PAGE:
“Sisters Reach Out in Service,” Ensign, May 2018
Exemplifying the Relief Society motto, “Charity never faileth,” General Officers from the Relief Society, Young Women, and Primary have been involved in a variety of community service and humanitarian activities throughout the world. They have also spoken out in defense of religious freedom.
In a conference at the European Parliament in Brussels, Belgium, titled “Women in Faith: A Freedom of Religion or Belief Perspective,” Jean B. Bingham, Relief Society General President, said that religious freedom is a critical right for empowering women, who are “a potent force for creating a society where peace, religious freedom, and human rights can truly thrive.” She was accompanied by Sharon Eubank, First Counselor in the Relief Society General Presidency.
At the World Women’s Interfaith Conference in Wales, Sister Bingham said that women—and men—of faith have the responsibility, as well as the blessing, of serving those in need. “We find that uniting in good works is not only beneficial to others but is ennobling to the soul,” she said. Joy D. Jones, Primary General President, who also attended, said it was important for LDS leaders to participate in the event “to share our faith and values, as well as to demonstrate our support for the good works of other women of faith.”
Sister Bingham and Sister Jones, as well as Carol F. McConkie, then serving as First Counselor in the Young Women General Presidency, met with community members of all faiths in British Columbia, Canada, at the Church-sponsored Fraser Valley Community Awards. The event honored organizations and individuals who have made positive contributions to the area in support of family values, who have provided humanitarian service to those with physical and mental challenges, and who have demonstrated faith in God. Sister Jones encouraged others to seek ways to “lift others’ burdens” and shared personal experiences of finding joy in service.
Sister Eubank, who also serves as director of LDS Charities, addressed legal scholars and leaders of faith-based organizations at a religious freedom conference on the Sydney campus of the University of Notre Dame in Australia.
“Humanitarian acts rooted in the sincere desire to heal and listen and cooperate and respect are the most potent transformational agent for change as anything I’ve experienced,” she said. “This isn’t just something we do because it’s noble or it helps society. It’s something that we must do because of our deeply held belief that we’re all brothers and sisters.”
Sister Jones also spoke at a meeting of the Utah Coalition Against Pornography in Utah, USA. “If we are going to have any hope of eradicating this plague from the world, love must be both at the forefront and the foundation of all our efforts,” she said.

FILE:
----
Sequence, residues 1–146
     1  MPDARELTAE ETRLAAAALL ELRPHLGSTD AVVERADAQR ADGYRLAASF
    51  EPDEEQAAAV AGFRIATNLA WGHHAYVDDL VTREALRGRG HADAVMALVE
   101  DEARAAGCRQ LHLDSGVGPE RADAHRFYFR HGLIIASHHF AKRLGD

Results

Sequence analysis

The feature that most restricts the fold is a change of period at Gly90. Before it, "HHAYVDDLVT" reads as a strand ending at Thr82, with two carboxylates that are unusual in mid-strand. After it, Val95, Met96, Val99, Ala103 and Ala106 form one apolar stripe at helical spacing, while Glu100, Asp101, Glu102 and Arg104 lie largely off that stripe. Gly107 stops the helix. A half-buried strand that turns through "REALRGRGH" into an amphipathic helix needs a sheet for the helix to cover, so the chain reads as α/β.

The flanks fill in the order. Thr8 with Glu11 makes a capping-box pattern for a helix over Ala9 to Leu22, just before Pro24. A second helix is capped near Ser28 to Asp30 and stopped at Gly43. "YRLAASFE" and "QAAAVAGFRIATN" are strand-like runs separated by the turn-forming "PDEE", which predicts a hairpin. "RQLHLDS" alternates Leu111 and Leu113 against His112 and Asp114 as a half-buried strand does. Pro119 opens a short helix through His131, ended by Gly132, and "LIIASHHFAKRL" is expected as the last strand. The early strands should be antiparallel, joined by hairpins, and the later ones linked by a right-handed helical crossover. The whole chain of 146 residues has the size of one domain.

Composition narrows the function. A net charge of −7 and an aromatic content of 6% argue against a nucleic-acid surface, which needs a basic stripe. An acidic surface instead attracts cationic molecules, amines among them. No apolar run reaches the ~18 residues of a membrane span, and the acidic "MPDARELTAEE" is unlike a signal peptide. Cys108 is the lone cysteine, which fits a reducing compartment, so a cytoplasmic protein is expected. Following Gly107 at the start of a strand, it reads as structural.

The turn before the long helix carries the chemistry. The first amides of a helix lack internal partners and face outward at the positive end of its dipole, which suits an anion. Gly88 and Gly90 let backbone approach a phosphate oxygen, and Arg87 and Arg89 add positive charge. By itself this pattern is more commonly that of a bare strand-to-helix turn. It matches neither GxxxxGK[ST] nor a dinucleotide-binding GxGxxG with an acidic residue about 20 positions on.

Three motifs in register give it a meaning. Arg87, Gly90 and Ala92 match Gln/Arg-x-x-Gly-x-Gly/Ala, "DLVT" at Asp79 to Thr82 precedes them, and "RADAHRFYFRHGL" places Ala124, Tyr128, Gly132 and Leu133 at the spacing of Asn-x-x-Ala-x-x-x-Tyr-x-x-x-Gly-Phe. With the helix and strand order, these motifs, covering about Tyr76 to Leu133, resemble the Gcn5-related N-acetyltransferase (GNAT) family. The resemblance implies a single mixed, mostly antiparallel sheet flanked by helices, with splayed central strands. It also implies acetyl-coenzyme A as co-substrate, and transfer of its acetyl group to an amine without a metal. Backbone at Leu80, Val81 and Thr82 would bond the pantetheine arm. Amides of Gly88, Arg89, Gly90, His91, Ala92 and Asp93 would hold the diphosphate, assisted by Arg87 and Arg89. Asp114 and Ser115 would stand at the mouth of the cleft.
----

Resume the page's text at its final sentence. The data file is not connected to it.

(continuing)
In addition, Sister Jones visited victims of wildfires in California, USA. On a Facebook post after the visit, Sister Jones, who used to live in the Santa Rosa area, said, “A scripture from Isaiah came to my mind as I prepared for this visit: ‘To appoint unto them that mourn in Zion, to give unto them beauty for ashes, the oil of joy for mourning, the garment of praise for the spirit of heaviness’ (Isaiah 61:3). The Spirit testified to me the truth that the Savior will literally give beauty for ashes. That is His promise.”
In England, Sister Eubank also participated in a roundtable discussion about religious persecution. Sponsored by the AMAR International Charitable Foundation, “the meeting underlined the urgent need to address the severe conditions of the Yazidi people of Iraq who have been victims of persecution, sexual violence, and other violations,” Sister Eubank said.
Sister Reyna I. Aburto, Second Counselor in the Relief Society General Presidency, visited areas devastated by two major earthquakes in Mexico. She shared her own story of surviving an earthquake in her native country, Nicaragua, when she was a child. “I told the sisters that we can raise ourselves from the rubble,” she said. “We should not look at ourselves as victims, but as survivors.”
While on assignment to meet and worship with local members and leaders in Peru, Colombia, and Ecuador, Sister Eubank and Sister McConkie also visited with Peru’s First Lady, Nancy Lange Kuczynski. The women talked about LDS youth who recently served as Mormon Helping Hands volunteers.
“She is so grateful for their service,” Sister McConkie said. “Most remarkable for her was to see their enthusiasm and unity in their work. She hopes that all of the youth of Peru can feel that kind of joy and satisfaction in their work and in service for others.”